The brief: In this exercise you will concentrate on conveying form by exploring tonal values. Set up your model’s pose with a light source casting clear shadows and highlights. If you use directional lamps you may need more than one to combat the problem of hard outlines around shadows. For a tonal study it’s best to work in natural light.
Due to the times I work and the days, all seven of them could only do this exercise in the night time. So to try and combat the hard outlines as it instructed in the brief I left all the lights on. Including the bathroom which adjoins the living room.
Before starting this exercise I cut two almost square sheets of thick card the shape of the card influenced the poses in the following sketches and the final piece as I wanted to fill as much of the surface of each one up as possible. I painted one of the pieces of card with an opaque coat of Burnt Umber and the other with naples grey.
The first tonal sketch was very week, I had drawn better tonal studies in the first figure drawing exercise, Drawing the Human Figure. A week first drawing is getting to be a habit with me, it .takes a couple of drawings for me and the model to relax. Everything is in proportion though so it seems like I am improving as I go along.
The second sketch also in charcoal was much better, although there are hard outlines in places, particularly under the thigh. Again proportions are good and a lot of the tones are really nice but looking back on this pose as with all the poses I could have draped cloth over her or even a towel as I had secured the only sheet of cloth I had as a backdrop to stop the light reflecting off the white wall.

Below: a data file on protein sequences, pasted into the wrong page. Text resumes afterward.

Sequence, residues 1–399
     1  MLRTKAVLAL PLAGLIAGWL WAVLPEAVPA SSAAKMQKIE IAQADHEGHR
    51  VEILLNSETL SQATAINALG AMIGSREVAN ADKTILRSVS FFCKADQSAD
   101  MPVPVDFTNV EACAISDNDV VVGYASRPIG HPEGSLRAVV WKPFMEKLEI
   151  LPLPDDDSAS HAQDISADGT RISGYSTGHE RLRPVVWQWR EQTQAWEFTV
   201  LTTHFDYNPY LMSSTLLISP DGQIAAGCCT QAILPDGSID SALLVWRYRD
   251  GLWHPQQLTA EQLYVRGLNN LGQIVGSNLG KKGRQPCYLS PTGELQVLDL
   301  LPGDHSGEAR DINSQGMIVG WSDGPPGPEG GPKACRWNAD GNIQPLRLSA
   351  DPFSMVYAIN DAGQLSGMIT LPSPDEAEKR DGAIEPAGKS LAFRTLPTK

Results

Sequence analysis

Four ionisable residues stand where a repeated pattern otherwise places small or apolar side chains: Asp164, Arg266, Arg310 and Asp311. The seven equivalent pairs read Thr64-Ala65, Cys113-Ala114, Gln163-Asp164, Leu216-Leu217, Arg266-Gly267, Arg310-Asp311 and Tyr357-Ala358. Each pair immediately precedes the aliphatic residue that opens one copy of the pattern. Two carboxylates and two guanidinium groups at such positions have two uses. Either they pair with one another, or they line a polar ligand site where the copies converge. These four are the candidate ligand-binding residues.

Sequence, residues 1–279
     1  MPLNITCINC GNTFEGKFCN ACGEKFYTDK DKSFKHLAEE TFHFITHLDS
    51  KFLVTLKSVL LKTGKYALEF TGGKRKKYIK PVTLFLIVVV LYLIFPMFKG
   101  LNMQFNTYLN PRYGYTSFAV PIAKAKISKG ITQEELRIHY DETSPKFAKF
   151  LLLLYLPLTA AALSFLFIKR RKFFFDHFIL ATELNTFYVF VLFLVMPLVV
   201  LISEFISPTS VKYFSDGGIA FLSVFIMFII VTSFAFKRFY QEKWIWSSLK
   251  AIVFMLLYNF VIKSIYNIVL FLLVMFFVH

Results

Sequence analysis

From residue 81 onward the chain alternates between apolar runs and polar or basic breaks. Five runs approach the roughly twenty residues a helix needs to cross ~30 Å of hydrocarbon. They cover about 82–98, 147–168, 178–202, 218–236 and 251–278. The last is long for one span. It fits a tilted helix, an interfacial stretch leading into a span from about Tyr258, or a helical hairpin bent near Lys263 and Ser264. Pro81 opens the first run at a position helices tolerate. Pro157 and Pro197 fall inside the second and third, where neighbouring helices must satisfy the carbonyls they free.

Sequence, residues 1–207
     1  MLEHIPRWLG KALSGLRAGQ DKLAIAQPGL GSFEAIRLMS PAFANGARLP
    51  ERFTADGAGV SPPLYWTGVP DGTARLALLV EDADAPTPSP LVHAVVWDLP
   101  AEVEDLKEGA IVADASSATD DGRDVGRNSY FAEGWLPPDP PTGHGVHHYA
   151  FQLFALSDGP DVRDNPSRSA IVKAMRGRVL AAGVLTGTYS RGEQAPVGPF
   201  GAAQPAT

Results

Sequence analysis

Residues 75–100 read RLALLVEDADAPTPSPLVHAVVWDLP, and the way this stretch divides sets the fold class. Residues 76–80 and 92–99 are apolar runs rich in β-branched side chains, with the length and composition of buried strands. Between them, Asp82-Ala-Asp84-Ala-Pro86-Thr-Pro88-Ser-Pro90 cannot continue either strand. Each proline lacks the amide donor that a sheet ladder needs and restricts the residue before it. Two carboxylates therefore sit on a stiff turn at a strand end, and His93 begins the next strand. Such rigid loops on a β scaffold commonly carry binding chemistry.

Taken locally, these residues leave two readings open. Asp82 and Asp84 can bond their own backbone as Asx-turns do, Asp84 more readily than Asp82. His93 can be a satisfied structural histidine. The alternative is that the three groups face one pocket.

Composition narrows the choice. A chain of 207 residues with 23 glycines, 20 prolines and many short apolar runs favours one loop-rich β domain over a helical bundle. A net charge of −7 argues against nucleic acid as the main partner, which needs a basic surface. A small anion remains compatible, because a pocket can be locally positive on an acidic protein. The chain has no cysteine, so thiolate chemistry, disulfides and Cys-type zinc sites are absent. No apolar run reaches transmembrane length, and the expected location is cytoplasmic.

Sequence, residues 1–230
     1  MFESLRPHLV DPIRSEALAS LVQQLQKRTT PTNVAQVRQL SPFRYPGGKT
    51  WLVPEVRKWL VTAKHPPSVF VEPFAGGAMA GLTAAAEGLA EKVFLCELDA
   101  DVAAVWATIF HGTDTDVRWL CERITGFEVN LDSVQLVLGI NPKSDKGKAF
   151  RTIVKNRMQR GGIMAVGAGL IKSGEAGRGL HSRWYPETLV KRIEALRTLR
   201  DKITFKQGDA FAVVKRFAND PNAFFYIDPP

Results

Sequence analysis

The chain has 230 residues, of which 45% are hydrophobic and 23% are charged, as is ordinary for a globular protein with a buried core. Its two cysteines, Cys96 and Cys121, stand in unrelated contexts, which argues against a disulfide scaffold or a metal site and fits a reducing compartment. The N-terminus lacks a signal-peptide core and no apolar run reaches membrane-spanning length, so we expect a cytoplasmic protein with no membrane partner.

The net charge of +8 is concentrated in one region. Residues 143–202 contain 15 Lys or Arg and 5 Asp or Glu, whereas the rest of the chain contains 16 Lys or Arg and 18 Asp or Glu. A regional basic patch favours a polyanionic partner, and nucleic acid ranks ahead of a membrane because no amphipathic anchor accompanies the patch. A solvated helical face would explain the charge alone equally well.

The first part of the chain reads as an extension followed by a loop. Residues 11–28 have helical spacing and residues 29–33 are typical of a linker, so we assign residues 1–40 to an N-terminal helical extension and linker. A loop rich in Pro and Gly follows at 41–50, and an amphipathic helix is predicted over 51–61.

The second pose was drawn quicker and smoother than the first pose, the speed was down to the position of the model. Giving her her I-phone took her mind off any aching for the duration of the drawing. I think.
One of my deepest regrets so far of this course is overlooking the potential of this third tonal study in pencil. The angle, proportions, muscle tone and features were all spot on. There were hard outlines on the legs and arms but I could have overcome this in the final painting. Instead I opted for two different poses to turn into paintings.
This next pose like the previous drawing in pencil was influenced by the painting by the Painting ‘Curled Nude on a stool’ by Euan Uglow that was shown as an example in this section of the course material, which I really liked and being flexible I know she would be able to hold this pose as long as I needed to draw it.
In this pose I included the chair and some background, The course material said a tonal figure in space. Did I go to far. Again, as with the first two poses I drew this in charcoal which was easy to blend to remove any hard outlines, but there are still some hard outlines on shoulders, beneath the elbow and on the hip but there were heavy shadows here. I decided to take this one further and work from this sketch for a painting as I wanted to see how painting from the charcoal sketch would turn out.
Working from the charcoal sketch I began to draw the figure and build up tone with a lighter mix of white and burnt umber to attempt to build up the tone on the painting. At this point I realised it was not going to be a pure tonal painting and was already planning the next painting.
Using mixtures of Burnt Umber, white and black I began to imitate the charcoal study while trying to do away with any hard outlines some of which I chose to paint in at first probably down to insecurity. What I should have done was just slowly continue to build up the tone from the mid-tones something that I would do in the next painting.